Thursday, December 30, 2010

Foods to Avoid Giving Your Pet

(by Ana Grimh, CPDT-KA; adapted from ASPCA article)

Throughout the holiday season, questions may have arose about what is healthy and unhealthy to feed your pet(s). We are a bit late for the 2010 season, but here is a brief list of what to avoid feeding your pet(s)!

Chocolate, Coffee, Caffeine

These products all contain substances called methylxanthines, which are found in cacao seeds, the fruit of the plant used to make coffee and in the nuts of an extract used in some sodas. When ingested by pets, methylxanthines can cause vomiting and diarrhea, panting, excessive thirst and urination, hyperactivity, abnormal heart rhythm, tremors, seizures and even death. Note that darker chocolate is more dangerous than milk chocolate. White chocolate has the lowest level of methylxanthines, while baking chocolate contains the highest.


Alcoholic beverages and food products containing alcohol can cause vomiting, diarrhea, decreased coordination, central nervous system depression, difficulty breathing, tremors, abnormal blood acidity, coma and even death.


The leaves, fruit, seeds and bark of avocados contain Persin, which can cause vomiting and diarrhea in dogs. Birds and rodents are especially sensitive to avocado poisoning, and can develop congestion, difficulty breathing and fluid accumulation around the heart. Some ingestions may even be fatal.

Macadamia Nuts

Macadamia nuts are commonly used in many cookies and candies. However, they can cause problems for your canine companion. These nuts have caused weakness, depression, vomiting, tremors and hyperthermia in dogs. Signs usually appear within 12 hours of ingestion and last approximately 12 to 48 hours.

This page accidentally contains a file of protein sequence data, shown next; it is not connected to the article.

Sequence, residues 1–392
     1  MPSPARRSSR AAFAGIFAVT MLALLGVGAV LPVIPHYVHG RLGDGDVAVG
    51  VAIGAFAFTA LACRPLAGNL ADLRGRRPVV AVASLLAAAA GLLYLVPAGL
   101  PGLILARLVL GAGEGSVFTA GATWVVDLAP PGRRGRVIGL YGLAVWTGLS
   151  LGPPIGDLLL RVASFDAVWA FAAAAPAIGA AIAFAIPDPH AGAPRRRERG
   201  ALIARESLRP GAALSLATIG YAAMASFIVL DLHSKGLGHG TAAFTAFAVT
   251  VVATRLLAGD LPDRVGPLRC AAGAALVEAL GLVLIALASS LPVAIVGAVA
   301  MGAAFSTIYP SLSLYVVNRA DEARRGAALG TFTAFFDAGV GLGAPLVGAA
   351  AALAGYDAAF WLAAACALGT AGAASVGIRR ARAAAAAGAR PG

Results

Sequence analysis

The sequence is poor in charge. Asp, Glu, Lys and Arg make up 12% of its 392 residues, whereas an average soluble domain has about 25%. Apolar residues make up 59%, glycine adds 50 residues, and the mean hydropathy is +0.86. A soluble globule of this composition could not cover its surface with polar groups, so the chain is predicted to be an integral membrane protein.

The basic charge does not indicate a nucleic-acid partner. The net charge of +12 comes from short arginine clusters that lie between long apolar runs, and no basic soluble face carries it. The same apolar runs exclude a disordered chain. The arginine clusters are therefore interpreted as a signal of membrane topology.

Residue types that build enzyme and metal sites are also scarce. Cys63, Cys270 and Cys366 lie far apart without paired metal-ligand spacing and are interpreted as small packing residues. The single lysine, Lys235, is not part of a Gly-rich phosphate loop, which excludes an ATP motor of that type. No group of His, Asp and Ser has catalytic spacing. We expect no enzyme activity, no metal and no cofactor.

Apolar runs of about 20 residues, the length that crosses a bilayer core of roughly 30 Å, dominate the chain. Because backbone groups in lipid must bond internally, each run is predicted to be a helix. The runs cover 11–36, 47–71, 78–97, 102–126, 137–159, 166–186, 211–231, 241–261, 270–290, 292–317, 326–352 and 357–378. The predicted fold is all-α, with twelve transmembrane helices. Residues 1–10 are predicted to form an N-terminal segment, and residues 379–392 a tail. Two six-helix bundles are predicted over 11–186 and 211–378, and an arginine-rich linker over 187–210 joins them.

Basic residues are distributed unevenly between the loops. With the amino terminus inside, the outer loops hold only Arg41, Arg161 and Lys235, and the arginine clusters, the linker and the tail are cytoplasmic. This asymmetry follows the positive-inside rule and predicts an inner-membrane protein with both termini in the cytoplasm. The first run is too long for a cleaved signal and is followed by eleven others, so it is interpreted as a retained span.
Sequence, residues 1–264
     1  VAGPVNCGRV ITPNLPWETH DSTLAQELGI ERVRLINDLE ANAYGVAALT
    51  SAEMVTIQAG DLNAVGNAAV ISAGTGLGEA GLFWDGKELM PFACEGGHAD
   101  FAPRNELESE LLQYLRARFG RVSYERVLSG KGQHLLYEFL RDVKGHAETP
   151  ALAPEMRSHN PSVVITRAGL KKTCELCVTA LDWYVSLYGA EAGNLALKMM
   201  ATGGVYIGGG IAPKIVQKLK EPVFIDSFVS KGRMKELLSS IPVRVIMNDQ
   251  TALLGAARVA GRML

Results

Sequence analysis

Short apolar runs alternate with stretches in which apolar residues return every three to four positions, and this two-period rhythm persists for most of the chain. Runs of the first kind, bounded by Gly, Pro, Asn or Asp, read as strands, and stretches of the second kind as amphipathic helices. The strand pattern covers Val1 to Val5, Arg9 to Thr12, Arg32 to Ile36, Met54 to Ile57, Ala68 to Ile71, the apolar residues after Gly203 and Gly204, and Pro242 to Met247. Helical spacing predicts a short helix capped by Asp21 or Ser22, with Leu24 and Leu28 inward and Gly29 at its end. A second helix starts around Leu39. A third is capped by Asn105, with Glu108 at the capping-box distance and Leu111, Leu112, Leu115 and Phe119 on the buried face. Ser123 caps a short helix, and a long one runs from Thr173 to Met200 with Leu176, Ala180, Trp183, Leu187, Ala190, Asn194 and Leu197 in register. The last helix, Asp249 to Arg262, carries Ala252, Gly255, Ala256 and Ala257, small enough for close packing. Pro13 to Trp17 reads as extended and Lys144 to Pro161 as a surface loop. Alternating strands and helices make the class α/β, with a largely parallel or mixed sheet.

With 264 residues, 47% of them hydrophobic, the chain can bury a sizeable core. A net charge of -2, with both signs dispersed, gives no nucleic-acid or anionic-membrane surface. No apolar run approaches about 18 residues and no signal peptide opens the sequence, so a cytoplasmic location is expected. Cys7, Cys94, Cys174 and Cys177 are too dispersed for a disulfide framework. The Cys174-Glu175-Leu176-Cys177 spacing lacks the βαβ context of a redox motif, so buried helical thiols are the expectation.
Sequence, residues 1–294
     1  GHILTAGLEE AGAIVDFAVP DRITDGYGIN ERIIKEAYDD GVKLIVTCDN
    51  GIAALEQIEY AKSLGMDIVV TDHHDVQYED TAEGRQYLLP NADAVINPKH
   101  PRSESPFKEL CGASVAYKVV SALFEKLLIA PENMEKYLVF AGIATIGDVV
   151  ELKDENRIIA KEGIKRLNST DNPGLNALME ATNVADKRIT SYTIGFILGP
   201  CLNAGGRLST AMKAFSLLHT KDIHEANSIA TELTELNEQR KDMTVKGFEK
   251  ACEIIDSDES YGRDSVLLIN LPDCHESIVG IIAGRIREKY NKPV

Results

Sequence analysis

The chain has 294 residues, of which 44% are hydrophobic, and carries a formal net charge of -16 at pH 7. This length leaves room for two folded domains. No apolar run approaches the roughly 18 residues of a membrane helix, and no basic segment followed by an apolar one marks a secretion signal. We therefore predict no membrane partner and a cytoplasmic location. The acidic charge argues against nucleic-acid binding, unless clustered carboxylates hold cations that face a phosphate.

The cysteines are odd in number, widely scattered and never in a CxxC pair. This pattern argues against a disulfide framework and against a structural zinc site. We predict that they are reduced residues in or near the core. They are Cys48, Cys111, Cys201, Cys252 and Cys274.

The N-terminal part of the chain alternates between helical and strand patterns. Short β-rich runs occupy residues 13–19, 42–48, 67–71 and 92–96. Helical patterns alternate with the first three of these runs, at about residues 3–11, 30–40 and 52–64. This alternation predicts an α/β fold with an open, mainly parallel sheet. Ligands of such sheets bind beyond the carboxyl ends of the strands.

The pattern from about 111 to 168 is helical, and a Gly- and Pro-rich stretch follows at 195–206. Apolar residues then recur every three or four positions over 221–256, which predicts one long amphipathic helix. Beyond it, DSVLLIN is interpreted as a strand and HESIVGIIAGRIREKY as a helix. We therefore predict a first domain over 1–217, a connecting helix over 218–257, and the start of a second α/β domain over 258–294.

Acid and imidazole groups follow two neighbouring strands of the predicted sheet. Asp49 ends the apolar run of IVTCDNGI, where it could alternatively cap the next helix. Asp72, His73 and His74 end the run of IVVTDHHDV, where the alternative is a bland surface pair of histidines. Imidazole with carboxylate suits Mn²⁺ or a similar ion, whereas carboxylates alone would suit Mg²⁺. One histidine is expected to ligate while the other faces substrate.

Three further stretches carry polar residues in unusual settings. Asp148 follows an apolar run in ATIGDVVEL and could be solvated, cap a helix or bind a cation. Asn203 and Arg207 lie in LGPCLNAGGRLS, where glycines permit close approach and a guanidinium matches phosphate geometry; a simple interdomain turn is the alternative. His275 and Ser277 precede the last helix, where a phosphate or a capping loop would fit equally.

Grapes & Raisins

Although the toxic substance within grapes and raisins is unknown, these fruits can cause kidney failure.

Yeast Dough

Yeast dough can rise and cause gas to accumulate in your pet’s digestive system. This can be painful and can cause the stomach or intestines to rupture. Because the risk diminishes after the dough is cooked and the yeast has fully risen, pets can have small bits of bread as treats. However, these treats should not constitute more than 5 percent to 10 percent of your pet’s daily caloric intake.

Raw/Undercooked Meat, Eggs and Bones

Raw meat and raw eggs can contain bacteria such as Salmonella and E. coli that can be harmful to pets. In addition, raw eggs contain an enzyme called avidin that decreases the absorption of biotin (a B vitamin), which can lead to skin and coat problems. Feeding your pet raw bones may seem like a natural and healthy option that might occur if your pet lived in the wild. However, this can be very dangerous for a domestic pet, who might choke on bones, or sustain a grave injury should the bone splinter and become lodged in or puncture your pet’s digestive tract.


Xylitol is used as a sweetener in many products, including gum, candy, baked goods and toothpaste. It can cause insulin release in most species, which can lead to liver failure. The increase in insulin leads to hypoglycemia (lowered sugar levels). Initial signs of toxicosis include vomiting, lethargy and loss of coordination. Signs can progress to recumbancy and seizures. Elevated liver enzymes and liver failure can be seen within a few days.